Before Mindstrong, Dagum created algorithms for surveillance. Some of his previous work was used in the field of “brand protection”—algorithms that designed to help corporations prevent digital “piracy” of movies, music, and software. He learned to create a digital fingerprint that could be used to identify and track hackers just based on the way they type. The idea was to be able to identify and monitor the activity of people based on how they used their smartphones and computers rather than what content they actually used. This means that people wouldn’t have to be caught committing a crime to be tracked—hackers could be identified based on the way they used their computer for innocent, everyday purposes. And the intention was to surveil the entire population—every single person at all times.
Dagum soon began looking for other uses for his digital surveillance algorithms. Healthcare seemed like the obvious next choice. Dagum partnered with Richard Klausner, who was the former director of the National Cancer Institute and former executive director for global health at the Bill and Melinda Gates Foundation. More importantly, Klausner knew how to start a healthcare business that would make money. He’d been the founder and director of pharmaceutical company Juno Therapeutics, which pulled in millions of dollars in investor funding before being acquired by Celgene for $9 billion.
But the last piece of the puzzle didn’t fall into place until Dagum met Tom Insel.
A former director of the National Institute for Mental Health (NIMH), Insel had become frustrated with the inability of the psychiatric establishment to make major improvements in care. After leaving the NIMH, Insel shifted to entrepreneurship, hoping that Silicon Valley could succeed where academia and the pharmaceutical industry had failed.
Insel, a psychiatric researcher, gained fame in the 1980s and 1990s for conducting animal experiments that supported the hypothesis that there were biological underpinnings to behavior. In his experiments on prairie voles, he identified oxytocin as one of the primary hormones responsible for the rodents’ strange, monogamous mating behavior.
In 2002, Insel became the director of the NIMH. He was the second-longest-serving director of the organization, running it for 13 years. By the end of his tenure there, he became known for speaking out against the Diagnostic and Statistical Manual of Mental Disorders (DSM)—the so-called “Bible” of psychiatry. In 2013, he rejected the DSM as a basis for research, citing its failure to find an objective laboratory test for any diagnosis:
The weakness is its lack of validity. Unlike our definitions of ischemic heart disease, lymphoma, or AIDS, the DSM diagnoses are based on a consensus about clusters of clinical symptoms, not any objective laboratory measure. In the rest of medicine, this would be equivalent to creating diagnostic systems based on the nature of chest pain or the quality of fever. Indeed, symptom-based diagnosis, once common in other areas of medicine, has been largely replaced in the past half century as we have understood that symptoms alone rarely indicate the best choice of treatment. Patients with mental disorders deserve better.
Although he still held to a primarily biological understanding of mental health problems, Insel suggested that the DSM did a poor job of accurately capturing those biological categories. Instead, he said, the DSM was based entirely on categorizing based on symptoms—and even then, its categories were wide nets that ensnared many different diagnostic fish. For instance, the long list of symptoms classed under Major Depressive Disorder—of which only a few are required for diagnosis—means that any two people with the diagnosis might have very different symptoms.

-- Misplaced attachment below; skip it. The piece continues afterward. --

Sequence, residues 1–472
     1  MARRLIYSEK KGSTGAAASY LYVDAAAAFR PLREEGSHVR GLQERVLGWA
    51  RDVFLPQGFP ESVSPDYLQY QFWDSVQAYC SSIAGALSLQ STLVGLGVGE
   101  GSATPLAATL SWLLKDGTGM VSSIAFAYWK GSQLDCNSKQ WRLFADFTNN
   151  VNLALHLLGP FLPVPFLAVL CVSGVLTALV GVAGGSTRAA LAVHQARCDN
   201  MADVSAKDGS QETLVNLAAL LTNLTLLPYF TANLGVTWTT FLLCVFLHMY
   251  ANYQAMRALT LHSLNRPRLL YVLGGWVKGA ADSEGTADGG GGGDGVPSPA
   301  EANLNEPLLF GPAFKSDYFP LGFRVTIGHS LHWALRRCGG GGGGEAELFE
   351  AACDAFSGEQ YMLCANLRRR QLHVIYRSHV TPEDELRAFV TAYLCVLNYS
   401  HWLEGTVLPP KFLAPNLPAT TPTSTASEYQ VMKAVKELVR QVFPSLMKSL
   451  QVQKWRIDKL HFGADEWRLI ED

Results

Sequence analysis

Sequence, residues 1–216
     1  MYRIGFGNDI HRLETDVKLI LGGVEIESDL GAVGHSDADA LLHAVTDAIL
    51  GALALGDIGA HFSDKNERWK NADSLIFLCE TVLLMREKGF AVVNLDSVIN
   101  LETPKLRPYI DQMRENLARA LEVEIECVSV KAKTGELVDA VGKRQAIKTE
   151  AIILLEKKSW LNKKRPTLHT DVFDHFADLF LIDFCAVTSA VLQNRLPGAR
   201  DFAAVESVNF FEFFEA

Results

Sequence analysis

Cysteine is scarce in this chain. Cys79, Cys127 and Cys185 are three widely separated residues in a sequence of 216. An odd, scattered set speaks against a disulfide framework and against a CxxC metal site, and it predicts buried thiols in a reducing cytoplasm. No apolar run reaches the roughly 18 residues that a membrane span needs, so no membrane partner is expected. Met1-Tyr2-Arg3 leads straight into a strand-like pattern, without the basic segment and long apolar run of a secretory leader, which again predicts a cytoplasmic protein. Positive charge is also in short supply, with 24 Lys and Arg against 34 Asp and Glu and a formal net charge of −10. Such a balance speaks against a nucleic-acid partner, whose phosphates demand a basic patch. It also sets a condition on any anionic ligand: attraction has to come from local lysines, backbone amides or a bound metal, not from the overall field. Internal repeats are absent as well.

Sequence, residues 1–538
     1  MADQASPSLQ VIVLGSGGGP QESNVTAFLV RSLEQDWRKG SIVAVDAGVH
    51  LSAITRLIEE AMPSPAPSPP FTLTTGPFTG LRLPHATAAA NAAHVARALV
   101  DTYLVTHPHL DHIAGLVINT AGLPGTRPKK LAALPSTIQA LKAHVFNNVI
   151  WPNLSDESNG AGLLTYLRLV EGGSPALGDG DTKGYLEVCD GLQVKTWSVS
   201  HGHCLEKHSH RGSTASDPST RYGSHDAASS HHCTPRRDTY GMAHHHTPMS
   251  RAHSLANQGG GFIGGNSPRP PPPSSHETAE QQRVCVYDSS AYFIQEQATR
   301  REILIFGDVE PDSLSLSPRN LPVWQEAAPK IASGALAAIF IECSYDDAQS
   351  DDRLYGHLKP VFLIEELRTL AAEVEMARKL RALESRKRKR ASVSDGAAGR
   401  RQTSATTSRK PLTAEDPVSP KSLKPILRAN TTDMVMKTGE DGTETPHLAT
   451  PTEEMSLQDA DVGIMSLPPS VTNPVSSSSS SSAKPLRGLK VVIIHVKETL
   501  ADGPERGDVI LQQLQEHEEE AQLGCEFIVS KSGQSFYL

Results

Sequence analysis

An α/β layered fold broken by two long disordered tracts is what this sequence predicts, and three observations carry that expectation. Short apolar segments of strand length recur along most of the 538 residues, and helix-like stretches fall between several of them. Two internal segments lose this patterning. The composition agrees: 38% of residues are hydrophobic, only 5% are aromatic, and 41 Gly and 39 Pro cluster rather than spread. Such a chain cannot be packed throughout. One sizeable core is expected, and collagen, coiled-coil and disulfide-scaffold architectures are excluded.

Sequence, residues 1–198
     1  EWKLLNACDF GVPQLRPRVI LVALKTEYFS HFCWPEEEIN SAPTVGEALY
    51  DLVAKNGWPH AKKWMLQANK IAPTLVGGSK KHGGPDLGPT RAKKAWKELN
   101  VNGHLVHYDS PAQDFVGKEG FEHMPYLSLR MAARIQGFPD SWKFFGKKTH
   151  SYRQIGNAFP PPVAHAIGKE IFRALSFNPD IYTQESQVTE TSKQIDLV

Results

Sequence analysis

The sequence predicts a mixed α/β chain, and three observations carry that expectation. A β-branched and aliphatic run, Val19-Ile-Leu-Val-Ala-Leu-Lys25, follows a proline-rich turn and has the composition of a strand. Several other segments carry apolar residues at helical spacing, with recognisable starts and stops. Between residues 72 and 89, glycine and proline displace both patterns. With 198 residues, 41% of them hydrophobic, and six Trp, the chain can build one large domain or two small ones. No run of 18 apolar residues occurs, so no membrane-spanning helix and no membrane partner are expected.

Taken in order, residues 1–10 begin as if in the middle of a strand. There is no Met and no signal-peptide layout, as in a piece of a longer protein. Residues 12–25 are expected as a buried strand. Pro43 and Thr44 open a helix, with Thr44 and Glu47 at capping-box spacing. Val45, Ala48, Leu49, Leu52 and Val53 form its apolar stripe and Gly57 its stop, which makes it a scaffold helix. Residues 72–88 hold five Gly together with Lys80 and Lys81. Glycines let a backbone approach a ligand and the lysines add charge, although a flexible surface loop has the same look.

Insel’s reaction to the validity problems in the DSM, though, was to double down on the notion that mental health problems are biological. According to Insel, we simply haven’t figured out the biology yet. His replacement for the DSM was the RDoC (Research Domain Criteria)—a set of assumptions that he wanted to guide research. Chief among these assumptions was the idea of searching for biological differences first, and then trying to create mental diagnoses based on the biology.
It was an interesting shift, and Insel says it led to “cool papers by cool scientists,” but nothing that actually improved mental health care. In an interview with Wired, Insel describes investing billions of dollars on neuroscience research, only to come up empty-handed:
I spent 13 years at NIMH really pushing on the neuroscience and genetics of mental disorders, and when I look back on that I realize that while I think I succeeded at getting lots of really cool papers published by cool scientists at fairly large costs—I think $20 billion—I don’t think we moved the needle in reducing suicide, reducing hospitalizations, improving recovery for the tens of millions of people who have mental illness. I hold myself accountable for that.
But Insel remained undaunted. In 2015, just after leaving the NIMH, he began working with Verily, a life sciences tech company owned by Google’s parent company Alphabet, Inc. After a short stint there, he left to co-found Mindstrong Health with Dagum.
(This year, California Governor Gavin Newsom appointed Insel to be a “special adviser” on the state’s mental health system, despite the fact that Insel remains president of Mindstrong, a tech company looking to expand its reach into that very system. According to STAT, Insel will recuse himself from any conversations about Mindstrong.)
In his Wired interview, Insel provided his justification to moving into the tech sector: “If biomarkers can’t diagnose mental health issues, maybe a ‘digital phenotype’ can.”